Archive for February, 2017

OLYMPUS DIGITAL CAMERAA few years ago, in the Fall, my husband and I sat on our boat dock when the moon was at its fullest, its reflection floating on the dark surface of the lake like pieces of a silver puzzle.

On both ends of the dock, where posts held up the metal roof, were spider webs lit up by the moonlight. One of the webs was strong, but delicate-looking, and classically precise; an ever growing circle, attached symmetrically by what must have been a ‘craftsman’ spider. The web was beautiful, in fact, it was perfect.

The other was a ramshackle sort of web, attached in a haphazard way to the post, almost like the run-down house of a derelict drug dealer. Loose strands hung from it, and there was no discernible circle to the web at all.

The spiders spun their webs to catch night bugs attracted to the lights on the boat dock. You might think that the classically perfect web would catch more bugs. No way. Not so. The derelict spider’s web was literally covered in trapped insects, while the craftsman’s web had none for a long while, and then only one or two. Still, night after night, the craftsman spider kept spinning and spinning, while the derelict one chomped on its plentiful catch.

My husband, to whom I’ve been married for many, many years, joked about this, comparing it to my writing. At the time, I was trying to find a literary agent for a book on which I was diligently working, but I hadn’t had any success. My husband grinned and pointed to the untidy web catching all the bugs. “Maybe you ought to take a lesson from that spider. Don’t be so hung up on perfection.”

I admitted that human beings have similar experiences. The most diligent worker isn’t necessarily the one who succeeds first. But if he continues to be persistent, success often comes. Being an born optimist, I fully expected the situation to change for the diligent spider.

Except night after night, the same thing happened. The derelict spider kept catching the bugs, and the diligent one kept spinning, but with no result in the bug department.

Then one day, a tornado hit across the lake. And on our side, trees were felled and boat docks blown about. After it was over, we went to look at any damage done to the dock. There was none. The only thing different was that the derelict web had vanished. Amazingly, the diligent spider’s web still hung, not quite as perfect, but it had survived. And that night, it was filled with bugs.

There are many morals you could attach to this story: A house built with a good foundation will last; or don’t take the quick way. But for me the most relevant is: Be true to yourself. You are a child of God, so never underestimate what He will do in your life if you keep the faith — no matter your age!

Not long afterward the tornado hit, I found a literary agent. She didn’t last long, and my book wasn’t published right then. More waiting. But I’d taken my lesson from the finely crafted web and kept spinning like the diligent spider. And was finally published by a small company, and then a book of short stories by another small press. Just enough to keep me going!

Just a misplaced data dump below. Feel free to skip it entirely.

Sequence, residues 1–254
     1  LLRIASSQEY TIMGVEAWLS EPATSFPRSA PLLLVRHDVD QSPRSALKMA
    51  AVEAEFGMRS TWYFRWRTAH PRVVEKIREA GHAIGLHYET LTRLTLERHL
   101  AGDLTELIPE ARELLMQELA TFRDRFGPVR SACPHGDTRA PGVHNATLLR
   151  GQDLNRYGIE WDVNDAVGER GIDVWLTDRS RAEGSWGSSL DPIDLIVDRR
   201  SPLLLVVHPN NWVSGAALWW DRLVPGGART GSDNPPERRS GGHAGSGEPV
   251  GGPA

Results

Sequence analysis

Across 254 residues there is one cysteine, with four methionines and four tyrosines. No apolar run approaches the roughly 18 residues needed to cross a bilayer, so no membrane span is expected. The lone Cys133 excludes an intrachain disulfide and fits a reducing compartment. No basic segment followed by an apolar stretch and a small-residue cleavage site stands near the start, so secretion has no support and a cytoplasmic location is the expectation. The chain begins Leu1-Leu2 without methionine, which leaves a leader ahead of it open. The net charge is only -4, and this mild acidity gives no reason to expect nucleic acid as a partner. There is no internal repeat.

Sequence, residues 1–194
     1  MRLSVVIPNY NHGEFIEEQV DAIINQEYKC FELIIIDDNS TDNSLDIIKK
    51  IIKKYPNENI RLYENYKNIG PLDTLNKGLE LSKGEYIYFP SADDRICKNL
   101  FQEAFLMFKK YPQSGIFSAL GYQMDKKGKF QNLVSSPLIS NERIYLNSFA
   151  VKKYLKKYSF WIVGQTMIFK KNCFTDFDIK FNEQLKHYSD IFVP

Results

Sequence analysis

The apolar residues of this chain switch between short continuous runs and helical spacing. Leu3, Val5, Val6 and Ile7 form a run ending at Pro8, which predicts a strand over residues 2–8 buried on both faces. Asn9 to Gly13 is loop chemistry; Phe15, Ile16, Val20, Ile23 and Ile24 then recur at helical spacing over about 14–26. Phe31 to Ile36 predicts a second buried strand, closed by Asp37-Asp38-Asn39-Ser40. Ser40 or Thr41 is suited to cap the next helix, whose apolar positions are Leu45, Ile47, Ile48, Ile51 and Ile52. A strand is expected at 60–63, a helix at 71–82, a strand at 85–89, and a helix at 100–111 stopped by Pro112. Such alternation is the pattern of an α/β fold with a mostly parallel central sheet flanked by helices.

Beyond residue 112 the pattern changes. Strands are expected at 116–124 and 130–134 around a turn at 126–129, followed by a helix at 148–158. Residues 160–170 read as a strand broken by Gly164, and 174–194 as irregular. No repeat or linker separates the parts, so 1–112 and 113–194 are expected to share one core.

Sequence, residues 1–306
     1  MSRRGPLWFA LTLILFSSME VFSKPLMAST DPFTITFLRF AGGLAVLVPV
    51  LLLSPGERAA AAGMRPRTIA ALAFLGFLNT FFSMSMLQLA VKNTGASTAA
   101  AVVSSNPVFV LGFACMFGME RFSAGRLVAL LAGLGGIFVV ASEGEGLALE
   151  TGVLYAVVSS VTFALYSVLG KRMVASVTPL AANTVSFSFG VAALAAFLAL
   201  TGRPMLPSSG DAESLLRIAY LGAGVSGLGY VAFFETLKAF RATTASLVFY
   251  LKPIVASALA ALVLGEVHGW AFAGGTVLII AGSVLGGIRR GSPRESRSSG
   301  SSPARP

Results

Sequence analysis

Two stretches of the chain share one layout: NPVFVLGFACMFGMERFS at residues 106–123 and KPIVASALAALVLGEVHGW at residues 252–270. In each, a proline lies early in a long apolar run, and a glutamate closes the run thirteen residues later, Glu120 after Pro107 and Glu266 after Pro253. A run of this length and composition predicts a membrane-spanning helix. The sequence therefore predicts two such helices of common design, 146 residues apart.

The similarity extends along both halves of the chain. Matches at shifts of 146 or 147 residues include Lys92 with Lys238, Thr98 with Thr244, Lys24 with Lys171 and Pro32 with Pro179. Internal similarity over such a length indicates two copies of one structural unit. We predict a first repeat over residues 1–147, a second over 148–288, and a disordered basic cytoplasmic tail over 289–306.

Now, I’ve written more books, and looking for publication.
I am still keeping the faith, hoping my diligence will produce results.

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Most of us don’t like the connotation of the word, ‘struggle.’ It evokes thoughts of difficulty. We don’t like difficulties.

We don’t like bumpy roads that cause us to lose equilibrium.We don’t like to climb mountains that exhaust our strength. We don’t want to swim a channel that seems much too wide for our meager swimming abilities.

Except struggle increases our balance, our muscle, our talents.

Struggle is fire that hardens the clay of our lives, turning an ordinary earthen vessel into something altogether extraordinary.

As parents, we don’t like to see our children struggle. We want to relieve them of difficulty. We like to ‘fix’ them. We want to save them from anything that hurts–even if they’ve concoted their own unsavory situation.

We should let them know we are there for them. But I think there are times when we shouldn’t be too quick to ‘save’ them. We should allow them to ‘save’ themselves, to strengthen their wings from within. Struggle can produce people who are out of the ordinary, simply because they have had to work hard.

The moth in a cocoon struggles to get out of it, and by doing so, it grows stronger—strong enough to fly completely away from the cocoon that once tied and bound it, as a beautiful butterfly.

Isn’t this what God does for us, too? When we think He’s forgotten us, turned His back on us, deaf to our cries and prayers, in His infinite wisdom, He knows that our struggles may be exactly what saves us, too.

What if your blessings come through raindrops?
What if your healings come through tears?
What if all your trials in life are mercies in disguise?

Attempting a Comeback??

Posted: February 8, 2017 in World On The Edge

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What is it that binds us? What ties us down to a less than joyful life? Are we, ourselves the cause of it? What will it take for us to change?

Remember the words of the cowardly lion in The Wizard of Oz?